Archive for February, 2019

From The Rabbi – Parshat Ki Tisa 5779

Have you ever heard of the concept of tying a knot in order to preserve your memory?

This week we discovered at our weekly Torah class that, like various other customs and traditions observed by many, not necessarily Jewish people, has its roots in Jewish tradition and its mystical teachings.

We read this week of the tragic event, shortly after the revelation of Hashem on Mt Sinai, the worshipping of the ‘golden calf’, after which Moshe (Moses), ascended Mt Sinai for  a second time, to plead forgiveness for the Jewish people. During his dialogue with the Almighty Moshe, sensing the opportunity of Divine grace, requested to see the ‘face’ of Hashem, to which Hashem responded “you will see my back and not my face as no man can see my face and live”. The commentators suggest that at that point Hashem revealed to Moshe the knot of His Tefillin Shel Rosh (head Tefillin), which is positioned behind the head. This of course needs to be understood in allegoric terms, as Hashem physical features cannot be attributed to Hashem.

Of interest, the only two Mitzvot (precepts) in Judaism involving tying knots are Tefillin (Phylacteries) and Tzitzit (fringes), both of which are associated with memory, Tefillin reminding us of the Exodus from Egypt and Tzitzit reminding us of the Mitzvot of the Torah       

On a deeper level, a knot represents a strong connection, often created as a result of disconnect and detachment, such as the state of the Jewish people, following the tragic transgression of worshiping the golden calf. The Tefillin knot shown to Moshe was therefore a  symbol of re-connection, following the sad downfall of a negative experience.

What then is the connection between tying knots and memory? The primary cause of disconnect from appropriate behavior and from leading a meaningful existence is due to a temporary concealment of our inner voice of conscience, which emanates from the soul. It is therefore the re-strengthening of our spiritual connection, tying the spiritual knot which prevents this form of forgetfulness and concealment of our true and inner desire.

With less than a month to the exciting festival of Purim, we are pleased to inform you that the students of the recently revived UBHE JETS Cheder are preparing a Purim play, which will be presented in the Memorial Hall following the Meigllah reading on Wednesday evening, March 20.            

Shabbat Shalom

Levi and Dvorah Jaffe

From The Rabbi – Parshat Tetzaveh 5779

Sinai College, the jewel in the crown of our community, has been in operation for almost thirty years, during which time, it has provided a high level of value-based education, both Jewish and general, to hundreds of students within our community and beyond.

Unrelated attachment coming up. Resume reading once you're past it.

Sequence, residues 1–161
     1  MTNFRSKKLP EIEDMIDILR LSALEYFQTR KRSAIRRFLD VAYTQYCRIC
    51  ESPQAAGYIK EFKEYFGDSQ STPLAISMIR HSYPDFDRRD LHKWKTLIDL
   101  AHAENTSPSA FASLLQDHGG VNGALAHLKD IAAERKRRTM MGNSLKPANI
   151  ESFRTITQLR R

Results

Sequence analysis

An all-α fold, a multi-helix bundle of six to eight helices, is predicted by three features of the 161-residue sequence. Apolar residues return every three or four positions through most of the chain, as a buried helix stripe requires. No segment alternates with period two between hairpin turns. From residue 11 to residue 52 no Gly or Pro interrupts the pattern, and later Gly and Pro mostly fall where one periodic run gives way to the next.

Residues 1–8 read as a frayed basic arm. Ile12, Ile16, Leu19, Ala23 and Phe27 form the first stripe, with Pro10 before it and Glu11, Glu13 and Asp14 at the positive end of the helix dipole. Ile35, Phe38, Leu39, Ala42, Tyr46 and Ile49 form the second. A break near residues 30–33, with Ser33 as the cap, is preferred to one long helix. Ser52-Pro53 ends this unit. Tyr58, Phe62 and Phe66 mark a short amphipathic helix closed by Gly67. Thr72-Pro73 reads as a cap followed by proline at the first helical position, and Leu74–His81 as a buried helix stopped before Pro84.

It is a particular nachas (joy) for us to be able to congratulate our Sinai alumni for reaching various significant  milestones in their lives, such as engagements, new babies, and academic achievements. This week, we have the great pleasure of reporting on each of these milestones for three of our our graduates namely, Gabrielle Briner on her engagement to Daniel Grunstein, Rabbi Daniel and Ruth Gould on the birth of a new baby boy, and Dr Lyon Peters on submitting his PHD. We extend our Mazal Tov wishes to them and their families, and  commend all the parents,board members and financial supporters, past and present, who have contributed to the ongoing success of Sinai, which has a current growing enrollment of forty students.      .

With the current instability of leadership and government in many countries, including Australia, we could all glean much wisdom and guidance by looking closer into the Torah for true and enduring leadership qualities. This week is the only portion in the Torah, since the birth of Moshe Rabeinu (Moses), in which his name is not mentioned, and the commentators explain that this was because of the request of Moshe to be “erased from the Torah” if Hashem would not forgive the Jewish people for the sin of the Golden Calf. Although Hashem did  eventually forgive the people, the conditional words uttered by a Tzaddik (righteous individual), such as Moshe, are still fulfilled to some degree, and therefore Moshe is absent from this portion.

This self sacrifice and humility of Moshe, in placing the needs of his people before his own, is one of the most important and crucial leadership qualities, which is unfortunately lacking in many of our modern day political and business leaders. They would do well to take a page out of ‘Moshe’s book’…

Being a leap year, we have two months of Adar, the second of which is when we celebrate Purim. Nevertheless, next Tuesday we celebrate Purim Katan (little Purim), as it is the 14th day of Adar 1.    

Shabbat Shalom and happy Purim Katan

Levi and Dvorah Jaffe